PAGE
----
110 Mass. 443

October, 1872

A man who has received into his house and supported a woman and children compelled to leave home by the cruelty of her husband, cannot recover from the husband the expense of supporting the children, if one of his motives for receiving them was that he might maintain an adulterous intercourse with the woman.

Contract to recover $ 2390 for board and clothes furnished by the plaintiff to the defendant's minor children. Writ dated October 30, 1871. Trial in the Superior Court, before Allen J., who allowed the following bill of exceptions:

"It appeared that the plaintiff and defendant had always resided on the same road in Tiverton, in Rhode Island, about a quarter of a mile apart, with but one house between them; that in March 1865, the defendant's wife left him, taking with her their three youngest children, aged respectively eighteen months, five years, and nine years, and went with them to a house situated on a road called the Fish road, in Tiverton, some six or seven miles from the defendant's house, where she lived till some time in the ensuing fall, when the plaintiff carried her and her children to his house, and after such removal supplied the children as alleged in the declaration; that in 1869 the defendant was divorced from his wife, on his petition, in which he did not seek or ask for the custody of any of said children; that the defendant's wife and the plaintiff were subsequently married; and that the defendant knew of the children being at the plaintiff's house soon after their arrival there.

"The plaintiff introduced evidence tending to show that the defendant, prior to his wife's leaving in March 1865, was guilty of cruel, abusive and improper treatment to such an extent that her life was in danger; that in consequence of such treatment she was compelled to leave him and went to the Fish road with her three youngest children as aforesaid; that she went from the Fish road to the plaintiff's house because she was unable to support herself and children; that it was agreed between herself and the plaintiff, before and after going to his house, that he was to provide her with board and clothing for her services, and look to the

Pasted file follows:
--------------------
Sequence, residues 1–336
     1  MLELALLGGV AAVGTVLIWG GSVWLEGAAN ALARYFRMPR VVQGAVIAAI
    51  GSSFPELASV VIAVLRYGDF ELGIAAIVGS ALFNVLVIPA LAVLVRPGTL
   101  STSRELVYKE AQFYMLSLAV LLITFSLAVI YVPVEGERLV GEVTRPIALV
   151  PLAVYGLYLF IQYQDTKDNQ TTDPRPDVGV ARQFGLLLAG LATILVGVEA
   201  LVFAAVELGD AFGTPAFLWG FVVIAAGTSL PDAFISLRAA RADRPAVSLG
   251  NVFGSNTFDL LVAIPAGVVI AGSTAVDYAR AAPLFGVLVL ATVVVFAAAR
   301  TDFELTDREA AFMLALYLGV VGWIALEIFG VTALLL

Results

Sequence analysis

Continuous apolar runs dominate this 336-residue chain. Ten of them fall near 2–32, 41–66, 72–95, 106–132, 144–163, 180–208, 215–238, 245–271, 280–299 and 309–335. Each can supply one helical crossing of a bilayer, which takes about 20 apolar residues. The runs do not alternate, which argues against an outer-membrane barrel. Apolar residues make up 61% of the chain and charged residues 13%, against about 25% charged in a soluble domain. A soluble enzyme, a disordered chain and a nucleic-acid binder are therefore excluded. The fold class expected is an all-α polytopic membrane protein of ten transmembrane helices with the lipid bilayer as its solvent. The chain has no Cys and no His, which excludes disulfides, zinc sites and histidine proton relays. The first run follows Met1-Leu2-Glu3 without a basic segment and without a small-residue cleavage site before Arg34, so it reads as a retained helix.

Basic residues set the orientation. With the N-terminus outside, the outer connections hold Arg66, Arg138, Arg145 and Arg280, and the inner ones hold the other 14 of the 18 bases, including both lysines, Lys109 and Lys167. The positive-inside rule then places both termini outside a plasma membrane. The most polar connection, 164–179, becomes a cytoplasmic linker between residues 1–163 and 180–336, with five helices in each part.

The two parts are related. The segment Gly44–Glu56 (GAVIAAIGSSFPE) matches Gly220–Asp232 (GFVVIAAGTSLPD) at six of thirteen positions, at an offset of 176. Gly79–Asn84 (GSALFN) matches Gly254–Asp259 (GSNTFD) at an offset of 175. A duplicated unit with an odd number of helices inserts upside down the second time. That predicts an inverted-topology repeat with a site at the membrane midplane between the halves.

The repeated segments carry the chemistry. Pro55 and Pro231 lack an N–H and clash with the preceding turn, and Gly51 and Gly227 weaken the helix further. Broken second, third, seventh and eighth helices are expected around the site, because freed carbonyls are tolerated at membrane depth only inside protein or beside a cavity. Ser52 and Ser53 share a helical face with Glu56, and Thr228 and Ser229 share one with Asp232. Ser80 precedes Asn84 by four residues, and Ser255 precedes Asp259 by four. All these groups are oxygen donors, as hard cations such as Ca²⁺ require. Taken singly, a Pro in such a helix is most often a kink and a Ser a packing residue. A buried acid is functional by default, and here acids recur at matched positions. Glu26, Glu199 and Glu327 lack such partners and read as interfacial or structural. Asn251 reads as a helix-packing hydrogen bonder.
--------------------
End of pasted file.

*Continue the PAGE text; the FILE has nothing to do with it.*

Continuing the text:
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defendant for pay for what he might furnish the children; and that she went there in consequence of such agreement.

"The defendant denied that he had been guilty of cruel and abusive treatment towards his wife, and introduced evidence tending to show that there had been a criminal intimacy between her and the plaintiff before she left his house, and contended that one motive that she had in leaving his house and taking her children was to be with and in the company of the plaintiff.

"It appeared that soon after she began to live on the Fish road the plaintiff was seen there more or less of the time, and, for two or three months before she went to his house, lodged and boarded there a considerable part of the time and paid his board; and that in March 1868, after she had been at the house some two years, and before the defendant had procured a divorce from her, a child was born to her and the plaintiff; and there was evidence tending to show that when she was living at the Fish road the defendant went to her and endeavored to persuade her to come back home, but she did not do so. The plaintiff and the woman both denied that there was any criminal intercourse between them till after she had been at his house about two years, or that he seduced or improperly influenced her to live with him and not return to the defendant.

The plaintiff asked the judge to instruct the jury as follows: "If the defendant knew of the plaintiff's furnishing the supplies and did not forbid him, then the defendant is liable. If the plaintiff supplied the minor children of the defendant, and the defendant did not make known to him any objections before he did so, then the defendant is liable for the value of what was supplied. The plaintiff is entitled to recover if he does not seek to derive assistance either from an illegal contract or an illegal act. His misconduct in seducing the defendant's wife or otherwise cannot exempt the defendant from his obligation to respond for the injurious consequences of his own behavior, in allowing the plaintiff to supply his minor children with necessaries without forbidding him to do so. The plaintiff is entitled to recover notwithstanding he may have induced the children to board with him; provided the defendant did not forbid him and did not take